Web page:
Brigatinib and the new generation of ALK-inhibitors for non-small cell lung cancer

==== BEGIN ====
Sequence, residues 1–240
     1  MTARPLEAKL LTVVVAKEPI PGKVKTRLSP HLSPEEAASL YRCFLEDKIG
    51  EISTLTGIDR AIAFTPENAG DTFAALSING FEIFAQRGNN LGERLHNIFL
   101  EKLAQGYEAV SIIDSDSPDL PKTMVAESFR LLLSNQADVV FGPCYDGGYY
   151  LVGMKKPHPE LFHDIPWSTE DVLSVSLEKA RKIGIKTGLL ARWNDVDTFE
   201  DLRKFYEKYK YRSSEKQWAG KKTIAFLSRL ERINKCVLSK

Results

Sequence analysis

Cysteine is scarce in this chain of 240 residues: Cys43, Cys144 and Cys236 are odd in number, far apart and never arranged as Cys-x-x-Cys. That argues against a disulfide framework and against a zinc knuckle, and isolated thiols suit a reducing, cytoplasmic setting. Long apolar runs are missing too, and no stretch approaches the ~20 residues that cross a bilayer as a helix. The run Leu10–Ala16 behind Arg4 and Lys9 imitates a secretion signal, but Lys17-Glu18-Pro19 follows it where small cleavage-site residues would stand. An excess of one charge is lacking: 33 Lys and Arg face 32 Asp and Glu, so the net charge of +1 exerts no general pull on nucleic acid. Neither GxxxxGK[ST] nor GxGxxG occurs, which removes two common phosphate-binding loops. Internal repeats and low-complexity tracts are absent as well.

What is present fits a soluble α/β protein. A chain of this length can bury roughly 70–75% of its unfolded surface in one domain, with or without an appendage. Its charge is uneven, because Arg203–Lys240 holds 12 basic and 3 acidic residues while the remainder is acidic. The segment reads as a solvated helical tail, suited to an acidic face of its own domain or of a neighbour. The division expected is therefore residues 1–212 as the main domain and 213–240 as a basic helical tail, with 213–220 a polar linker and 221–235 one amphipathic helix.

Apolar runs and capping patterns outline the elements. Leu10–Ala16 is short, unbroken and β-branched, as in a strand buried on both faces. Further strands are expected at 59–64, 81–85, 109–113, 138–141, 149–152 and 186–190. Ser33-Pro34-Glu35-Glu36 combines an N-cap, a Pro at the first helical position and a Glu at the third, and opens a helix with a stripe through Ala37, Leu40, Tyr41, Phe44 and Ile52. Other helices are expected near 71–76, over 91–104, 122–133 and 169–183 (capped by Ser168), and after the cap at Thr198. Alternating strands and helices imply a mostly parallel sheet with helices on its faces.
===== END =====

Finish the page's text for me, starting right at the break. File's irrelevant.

About 2–7% of non-small cell lung cancer (NSCLC) is driven by the fusion protein between echinoderm microtubule-associated protein-like 4 (EML4) and anaplastic lymphoma kinase (ALK) (1). The first ALK-inhibitor approved for the treatment of NSCLC was crizotinib with an objective response rate (ORR) up to 74%. Despite this, progression-free survival (PFS) on crizotinib is only 10.9 months, and the cancer invariably recurs with 25–50% of recurrences in the CNS (1,2) (Table 1). Given the protracted natural history of metastatic ALK-rearranged NSCLC in the CNS, treatment options aside from those causing significant neurocognitive degeneration, such as whole brain radiotherapy, are limited (10).